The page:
Archive for public health system

abortion data, France vs. USA

Posted in Kids, Statistics, Travel with tags , , , , , , , , , , , on October 5, 2020 by xi'an

As Le Monde pointed out at a recent report on 2019 abortions in France from Direction de la recherche, des études, de l’évaluation et des statistiques (Drees), showing an consistent rise in the number of abortions in France since 1995, with a rate of 15.6 abortions for 1000 women and the number around a third of the live births that year, I started wondering at the corresponding figures in the USA, given the much more restrictive conditions there. Judging from this on-line report by the Guttmacher Institute, the overall 2017 figures are not so different in both countries: while the abortion rate fell to 13.5‰, and the abortion/life birth ratio to 22%, the recent spike in abortion restrictions for most US States did not seem to impact considerably the rates, even though this is a nationwide average, hiding state disparities (like a 35% drop in Iowa or Alabama [and a 62% drop in Delaware, despite no change in the number of clinics or in the legislation]). In addition, France did not apparently made conditions more difficult recently (most abortions occur locally and the abortion rate is inversely correlated with income) and French (official) figures include off-clinic drug-induced abortions, while the Guttmacher institute census does not. The incoming (hasty) replacement of Judge Ruth Bader Ginsberg in the US Supreme Court may alas induce a dramatic turn in these figures if a clear anti-abortion majority emerges…

scientific Americans abide by Joe

Posted in Books, Travel with tags , , , , , , , , , , , on September 28, 2020 by xi'an

pooling or not pooling

Posted in Books, Kids, pictures, Statistics, University life with tags , , , , , , , , , , on September 22, 2020 by xi'an

A pro-pooling opinion tribune, followed a few days later, by a collection of opinions on pooling PCR samples to absorb the overload in testing laboratories and produce results in a delay that is short enough for public health impacts.  Le Monde is taking sample pooling most seriously! This includes a link to an April article by Christian Grollier and Olivier Gossner (CREST) published in COVID economics (!), recalling the basics of sample pooling and citing a Technion experiment to show the approach is feasible in practice. With a recommended pool of 80 patients if the prevalence is 2%. And of 30 for a prevalence of 5%. Despite the approach being implemented in other countries, and considerable delays in analysing the PCR samples, the conclusion of the French public health authorities is that it is urgent to wait..!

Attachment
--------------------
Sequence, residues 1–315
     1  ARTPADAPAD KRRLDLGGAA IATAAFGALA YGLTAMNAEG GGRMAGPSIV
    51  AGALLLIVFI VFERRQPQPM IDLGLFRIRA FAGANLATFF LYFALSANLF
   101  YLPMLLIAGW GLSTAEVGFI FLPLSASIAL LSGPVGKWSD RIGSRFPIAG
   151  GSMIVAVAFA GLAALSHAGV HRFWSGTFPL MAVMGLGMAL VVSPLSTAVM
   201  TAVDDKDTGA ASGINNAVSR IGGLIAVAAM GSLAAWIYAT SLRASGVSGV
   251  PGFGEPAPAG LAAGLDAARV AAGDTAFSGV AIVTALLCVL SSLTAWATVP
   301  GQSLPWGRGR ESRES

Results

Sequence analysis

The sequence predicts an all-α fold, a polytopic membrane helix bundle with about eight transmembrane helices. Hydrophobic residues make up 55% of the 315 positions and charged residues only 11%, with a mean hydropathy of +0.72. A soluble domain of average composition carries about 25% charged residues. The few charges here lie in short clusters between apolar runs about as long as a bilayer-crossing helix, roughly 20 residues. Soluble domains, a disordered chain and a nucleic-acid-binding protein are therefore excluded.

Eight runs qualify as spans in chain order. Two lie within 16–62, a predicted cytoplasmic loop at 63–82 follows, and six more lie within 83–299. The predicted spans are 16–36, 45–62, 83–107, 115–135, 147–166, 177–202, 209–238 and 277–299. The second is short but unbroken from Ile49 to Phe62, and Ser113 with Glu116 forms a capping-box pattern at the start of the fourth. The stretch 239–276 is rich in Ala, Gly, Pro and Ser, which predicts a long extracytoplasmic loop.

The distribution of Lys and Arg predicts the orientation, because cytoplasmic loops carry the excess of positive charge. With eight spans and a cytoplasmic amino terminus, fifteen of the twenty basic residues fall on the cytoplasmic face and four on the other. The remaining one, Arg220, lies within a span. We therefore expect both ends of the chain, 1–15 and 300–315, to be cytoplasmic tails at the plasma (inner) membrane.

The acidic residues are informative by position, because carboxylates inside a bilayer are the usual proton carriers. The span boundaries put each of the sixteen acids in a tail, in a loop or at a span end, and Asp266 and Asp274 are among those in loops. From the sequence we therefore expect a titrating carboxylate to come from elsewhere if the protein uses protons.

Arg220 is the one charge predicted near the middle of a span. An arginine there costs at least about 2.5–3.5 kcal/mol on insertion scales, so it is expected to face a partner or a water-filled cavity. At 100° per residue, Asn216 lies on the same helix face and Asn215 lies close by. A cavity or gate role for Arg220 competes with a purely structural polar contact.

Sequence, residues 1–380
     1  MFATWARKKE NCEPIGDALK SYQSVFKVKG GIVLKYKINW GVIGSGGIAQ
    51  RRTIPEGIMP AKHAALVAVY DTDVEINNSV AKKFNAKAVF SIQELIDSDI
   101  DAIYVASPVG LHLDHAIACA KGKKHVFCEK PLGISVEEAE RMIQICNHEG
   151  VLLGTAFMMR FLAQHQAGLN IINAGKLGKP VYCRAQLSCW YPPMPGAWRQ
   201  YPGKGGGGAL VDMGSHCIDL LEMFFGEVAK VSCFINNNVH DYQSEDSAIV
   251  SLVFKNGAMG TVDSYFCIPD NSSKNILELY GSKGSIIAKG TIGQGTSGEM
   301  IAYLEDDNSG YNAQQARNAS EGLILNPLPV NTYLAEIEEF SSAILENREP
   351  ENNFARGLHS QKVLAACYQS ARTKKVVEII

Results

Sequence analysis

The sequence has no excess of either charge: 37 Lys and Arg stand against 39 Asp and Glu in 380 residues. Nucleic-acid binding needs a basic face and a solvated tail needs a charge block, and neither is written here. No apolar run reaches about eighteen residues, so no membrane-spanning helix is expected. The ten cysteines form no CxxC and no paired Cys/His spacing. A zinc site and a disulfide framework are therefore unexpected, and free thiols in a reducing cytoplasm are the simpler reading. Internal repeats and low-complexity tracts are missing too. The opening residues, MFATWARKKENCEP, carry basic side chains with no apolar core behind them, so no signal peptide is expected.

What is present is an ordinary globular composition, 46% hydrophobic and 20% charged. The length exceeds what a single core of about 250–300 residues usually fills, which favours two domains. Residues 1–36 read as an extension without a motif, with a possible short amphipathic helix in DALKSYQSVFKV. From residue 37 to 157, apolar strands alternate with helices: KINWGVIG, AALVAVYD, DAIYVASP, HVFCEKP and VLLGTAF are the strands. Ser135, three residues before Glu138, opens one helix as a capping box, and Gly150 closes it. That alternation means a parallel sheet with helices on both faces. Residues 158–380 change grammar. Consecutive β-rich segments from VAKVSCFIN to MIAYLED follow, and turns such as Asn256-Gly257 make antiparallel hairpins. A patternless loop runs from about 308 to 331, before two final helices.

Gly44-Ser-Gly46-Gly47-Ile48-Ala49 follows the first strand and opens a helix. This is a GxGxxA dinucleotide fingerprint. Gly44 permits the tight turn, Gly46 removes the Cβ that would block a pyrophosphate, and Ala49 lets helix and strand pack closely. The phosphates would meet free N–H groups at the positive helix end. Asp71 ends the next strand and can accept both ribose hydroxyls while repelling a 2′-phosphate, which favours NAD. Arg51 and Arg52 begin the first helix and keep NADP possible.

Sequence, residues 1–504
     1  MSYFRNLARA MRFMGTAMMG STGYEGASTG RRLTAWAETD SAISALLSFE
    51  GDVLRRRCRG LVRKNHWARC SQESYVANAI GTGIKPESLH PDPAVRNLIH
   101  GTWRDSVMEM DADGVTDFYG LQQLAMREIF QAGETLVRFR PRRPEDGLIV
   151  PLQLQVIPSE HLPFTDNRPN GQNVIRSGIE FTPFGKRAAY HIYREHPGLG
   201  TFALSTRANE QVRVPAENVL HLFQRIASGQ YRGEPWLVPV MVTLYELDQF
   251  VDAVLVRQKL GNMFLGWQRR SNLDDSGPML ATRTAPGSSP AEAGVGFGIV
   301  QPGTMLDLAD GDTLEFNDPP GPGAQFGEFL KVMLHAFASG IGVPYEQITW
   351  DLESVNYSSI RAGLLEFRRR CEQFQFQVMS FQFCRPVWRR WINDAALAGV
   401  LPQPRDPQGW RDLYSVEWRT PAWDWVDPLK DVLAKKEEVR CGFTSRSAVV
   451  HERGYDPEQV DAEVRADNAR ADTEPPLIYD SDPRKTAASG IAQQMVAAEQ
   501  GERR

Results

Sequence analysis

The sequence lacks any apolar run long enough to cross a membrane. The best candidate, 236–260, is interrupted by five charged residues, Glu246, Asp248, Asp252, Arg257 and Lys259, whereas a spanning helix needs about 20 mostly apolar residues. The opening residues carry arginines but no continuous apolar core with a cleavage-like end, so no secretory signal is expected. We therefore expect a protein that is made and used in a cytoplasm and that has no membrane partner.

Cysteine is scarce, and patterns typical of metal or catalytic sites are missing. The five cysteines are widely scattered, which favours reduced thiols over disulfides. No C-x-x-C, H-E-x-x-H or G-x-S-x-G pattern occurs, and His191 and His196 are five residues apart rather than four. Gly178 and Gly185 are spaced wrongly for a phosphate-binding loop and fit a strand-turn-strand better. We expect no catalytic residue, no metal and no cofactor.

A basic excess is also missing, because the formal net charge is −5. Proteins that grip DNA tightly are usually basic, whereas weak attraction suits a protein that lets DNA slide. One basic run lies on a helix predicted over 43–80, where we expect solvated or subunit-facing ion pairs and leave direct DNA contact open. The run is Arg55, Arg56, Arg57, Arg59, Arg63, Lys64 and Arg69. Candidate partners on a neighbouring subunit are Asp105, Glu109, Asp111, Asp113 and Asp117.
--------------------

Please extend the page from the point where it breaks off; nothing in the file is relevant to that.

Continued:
counting COVID-19 deaths (or not)

Posted in Statistics with tags , , , , , , , , , , , on September 7, 2020 by xi'an

Two COVID-19 articles in the recent issue of Nature relating to data gathering issues. One on the difficulty to distinguish direct COVID deaths from indirect ones from the excess deaths, which “to many scientists, it’s the most robust way to gauge the impact of the pandemic” (which I supported). As indeed the COVID pandemic reduced people access to health care, both because health structures were overwhelmed and because people were scared of catching the virus when visiting these structures. The article [by Giuliana Viglione] supports the direct exploitation of death certificates, to improve the separation, quoting Natalie Dean from the University of Florida in Gainesville. Although this creates a strong lag in the reporting and hence in health policy decisions. (Assuming the overall death reporting is to be trusted, which is not the case for all countries.)

“This long-standing neglect has been exacerbated by the lack of national leadership during the pandemic.”

The other article is about the reasons why the COVID-19 crisis in the US is doubled by a COVID-19 data crisis. Mentioning “political meddling, privacy concerns and years of neglect of public-health surveillance systems” as some of the sources for unreliable data on the pandemic range and evolution. Hardly any contact tracking (as opposed to South Korea or Vietnam), a wealth of local, state and federal structures, data diverted and hence delayed (or worse) to a new system launched by the US Department for Health and Human Services (HHS) for an ill-used $10 million. And data often shared (or lost) by fax! “Lack of leadership,” to state the obvious….

totale rispetto

Posted in Statistics with tags , , , , , , , , , , , , on April 7, 2020 by xi'an